Overcoming My Fear of Negative Feedback
“Continuous improvement is better than delayed perfection”
~ Mark Twain
In this post I share some of the behind the scenes of my business on the topic of showing up in the face of resistance and dealing with negative feedback.
If you have read some of my previous articles you may have heard me talk about running workshops/online classes. I have in one way or another been talking or thinking about offering online classes for at least the last two years and yet as of today, I’ve never sold a group class or workshop online.
I’ve actually taught loads.
For the launch of my Female Business Academy (FBA) back in 2017, I taught several free online workshops. Once the FBA was up and running, I taught several online classes to the members. I also taught several online classes to the 2020 Conscious Business Mastermind (CBM) cohort and teaching has been and will be a huge part of the CBM in 2021 AND I taught classes to huge audiences as part of the Embodiment Conference twice last year.
It’s safe to say, I teach online regularly and I’m more than comfortable doing it.
For some reason, I’ve had huge resistance to offering regular, paid for online classes and workshops to my wider audience. Which I’ll admit baffled me for a while. Having been in business for myself in one way or another for close to a decade now, I don’t usually have a problem with resistance. I felt sure that I had successfully fought and slayed the fear of failure and being more visible dragons long ago but, here I have been not wanting to offer a paid for online workshop.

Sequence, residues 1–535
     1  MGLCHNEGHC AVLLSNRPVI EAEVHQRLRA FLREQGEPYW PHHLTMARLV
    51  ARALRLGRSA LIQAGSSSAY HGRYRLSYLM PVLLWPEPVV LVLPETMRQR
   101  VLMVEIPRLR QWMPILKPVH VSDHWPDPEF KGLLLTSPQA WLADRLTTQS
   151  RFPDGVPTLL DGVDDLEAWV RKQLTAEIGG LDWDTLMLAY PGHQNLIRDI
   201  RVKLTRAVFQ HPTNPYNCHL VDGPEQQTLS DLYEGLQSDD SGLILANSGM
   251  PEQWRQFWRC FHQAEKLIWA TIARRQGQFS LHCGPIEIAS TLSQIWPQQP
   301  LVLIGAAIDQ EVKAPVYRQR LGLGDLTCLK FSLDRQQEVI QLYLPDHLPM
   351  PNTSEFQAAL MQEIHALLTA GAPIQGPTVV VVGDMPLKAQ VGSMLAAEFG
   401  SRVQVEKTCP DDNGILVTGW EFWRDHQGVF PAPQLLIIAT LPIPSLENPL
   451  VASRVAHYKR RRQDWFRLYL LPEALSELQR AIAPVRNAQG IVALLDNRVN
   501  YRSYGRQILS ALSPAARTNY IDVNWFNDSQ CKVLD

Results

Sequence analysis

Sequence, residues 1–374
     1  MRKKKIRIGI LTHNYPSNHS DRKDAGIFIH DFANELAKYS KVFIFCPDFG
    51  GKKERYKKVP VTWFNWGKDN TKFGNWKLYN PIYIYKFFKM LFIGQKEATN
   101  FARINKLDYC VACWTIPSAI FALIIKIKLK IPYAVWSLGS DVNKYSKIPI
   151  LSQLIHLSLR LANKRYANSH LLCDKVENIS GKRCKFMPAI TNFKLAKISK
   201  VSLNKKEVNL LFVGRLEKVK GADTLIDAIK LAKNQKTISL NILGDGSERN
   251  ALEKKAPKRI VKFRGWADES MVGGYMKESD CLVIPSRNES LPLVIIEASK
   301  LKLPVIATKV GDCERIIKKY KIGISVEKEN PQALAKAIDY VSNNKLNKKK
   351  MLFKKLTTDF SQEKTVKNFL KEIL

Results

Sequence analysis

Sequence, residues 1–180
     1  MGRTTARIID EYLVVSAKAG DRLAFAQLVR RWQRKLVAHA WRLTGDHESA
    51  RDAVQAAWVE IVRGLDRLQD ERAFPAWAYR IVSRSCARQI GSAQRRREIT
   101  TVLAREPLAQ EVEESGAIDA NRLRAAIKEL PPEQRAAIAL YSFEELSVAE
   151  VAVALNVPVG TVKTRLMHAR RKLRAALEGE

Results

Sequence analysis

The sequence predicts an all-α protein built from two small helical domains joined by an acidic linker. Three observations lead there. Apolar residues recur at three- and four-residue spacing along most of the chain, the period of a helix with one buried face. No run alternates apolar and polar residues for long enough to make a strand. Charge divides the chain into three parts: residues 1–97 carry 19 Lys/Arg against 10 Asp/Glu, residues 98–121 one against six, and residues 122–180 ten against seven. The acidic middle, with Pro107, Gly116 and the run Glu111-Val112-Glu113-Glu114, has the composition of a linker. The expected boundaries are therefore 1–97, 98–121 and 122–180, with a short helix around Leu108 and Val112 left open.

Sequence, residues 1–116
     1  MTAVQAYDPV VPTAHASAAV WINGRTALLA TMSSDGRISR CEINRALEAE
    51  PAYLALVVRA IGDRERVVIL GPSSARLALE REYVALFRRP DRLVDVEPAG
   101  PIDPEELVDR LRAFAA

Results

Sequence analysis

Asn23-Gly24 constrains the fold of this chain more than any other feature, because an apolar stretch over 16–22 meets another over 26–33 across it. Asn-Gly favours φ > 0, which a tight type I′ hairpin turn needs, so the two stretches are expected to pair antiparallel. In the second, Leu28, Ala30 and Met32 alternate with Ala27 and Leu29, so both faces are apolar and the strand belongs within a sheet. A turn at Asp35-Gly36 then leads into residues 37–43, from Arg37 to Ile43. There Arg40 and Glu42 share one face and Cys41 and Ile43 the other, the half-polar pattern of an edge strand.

I have one way to deal with resistance. I call it front-loading the fear. I take one big step to announce to the world that I am going to do the very thing I’m feeling resistance towards and then, motivated by the pressure to keep to my word, I take action. Which is exactly what I did this time last week, on the spur of the moment I decided to announce a free online class that very Friday.
I set everything up and promoted it across my social media channels and initially felt relief as people started signing up which quickly turned to mild panic as the number rose to 40 people. It’s funny, I thought my biggest fear was that no one would show up, but it turns out that my biggest fear was a load of people turning up. Allow me to explain.